Germany passes compulsory measles vaccination law

Germany passes compulsory measles vaccination law

It’s been under discussion for a while, but now it’s official: From March 2020 onwards, parents in Germany must have their children vaccinated against measles before they can enrol in daycare or school. Anyone who fails to comply faces a hefty fine. 

Federal Cabinet makes measles vaccinations compulsory

On Wednesday, July 17, Germany’s Federal Cabinet approved legislation for compulsory measles vaccination. As of March 2020, parents and guardians will have to prove that their children have been vaccinated before they can attend a childcare facility or school. Compulsory vaccinations also apply to childminders and staff at daycare centres or community facilities such as refugee shelters. 

Unvaccinated children will not be accepted and, as it is illegal to homeschool your children in Germany, the new legislation essentially amounts to a countrywide vaccination obligation. Anyone who fails to have their children vaccinated could face fines of up to 2.500 euros.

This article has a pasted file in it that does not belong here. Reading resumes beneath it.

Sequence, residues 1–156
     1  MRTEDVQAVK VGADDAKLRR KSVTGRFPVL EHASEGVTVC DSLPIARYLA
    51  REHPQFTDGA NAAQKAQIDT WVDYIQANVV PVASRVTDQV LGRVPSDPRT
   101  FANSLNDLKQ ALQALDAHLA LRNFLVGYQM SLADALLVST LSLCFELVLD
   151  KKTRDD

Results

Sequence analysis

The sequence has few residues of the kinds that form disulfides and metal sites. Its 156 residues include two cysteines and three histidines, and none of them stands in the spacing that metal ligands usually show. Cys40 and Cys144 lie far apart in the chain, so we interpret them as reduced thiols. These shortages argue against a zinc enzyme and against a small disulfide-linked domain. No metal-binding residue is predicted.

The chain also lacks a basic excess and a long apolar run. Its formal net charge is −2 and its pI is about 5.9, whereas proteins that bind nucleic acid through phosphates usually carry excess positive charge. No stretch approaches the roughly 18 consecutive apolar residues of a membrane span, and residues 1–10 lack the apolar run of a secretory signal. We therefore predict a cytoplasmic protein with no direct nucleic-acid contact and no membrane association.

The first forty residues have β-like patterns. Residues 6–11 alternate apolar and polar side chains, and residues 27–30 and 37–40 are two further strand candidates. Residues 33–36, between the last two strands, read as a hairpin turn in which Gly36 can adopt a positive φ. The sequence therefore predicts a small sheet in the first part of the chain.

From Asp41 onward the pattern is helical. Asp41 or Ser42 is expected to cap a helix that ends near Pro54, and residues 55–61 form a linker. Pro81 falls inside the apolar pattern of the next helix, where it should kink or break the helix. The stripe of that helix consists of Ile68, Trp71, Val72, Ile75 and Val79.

Unvaccinated children must get jabs

Children and staff who will already be attending daycare or school by the time the law comes into effect next March have until July 31, 2021, to prove that they have been vaccinated. 

This proof can be provided by a vaccination certificate, a yellow child examination booklet (Kinderuntersuchungsheft) or a medical certificate signed by your doctor, showing that your child has previously contracted measles.

Growing number of measles cases in Germany

Justifying the decision to introduce mandatory vaccinations, Federal Health Minister Jens Spahn said that the German government wants “to save as many children as possible from measles infections.” He hopes that the measure will bring Germany’s measles vaccination rate up to the 95 percent recommended by the World Health Organisation. 

The issue of compulsory vaccinations has long been under discussion in Germany, hastened on by the increasing number of measles outbreaks worldwide. Last year, 543 cases were reported in Germany and there have already been more than 400 confirmed cases in the first half of this year alone. Last year, 350.000 measles cases were reported worldwide, twice as many as in 2017. 

The law - which has so far received almost unanimous approval - now needs to be approved by the Bundestag before it can be put into action. 



Abi Carter

Abi studied History & German at the University of Manchester. She has since worked as a writer, editor and content marketeer, but still has a soft spot for museums, castles...

Read more



Leave a comment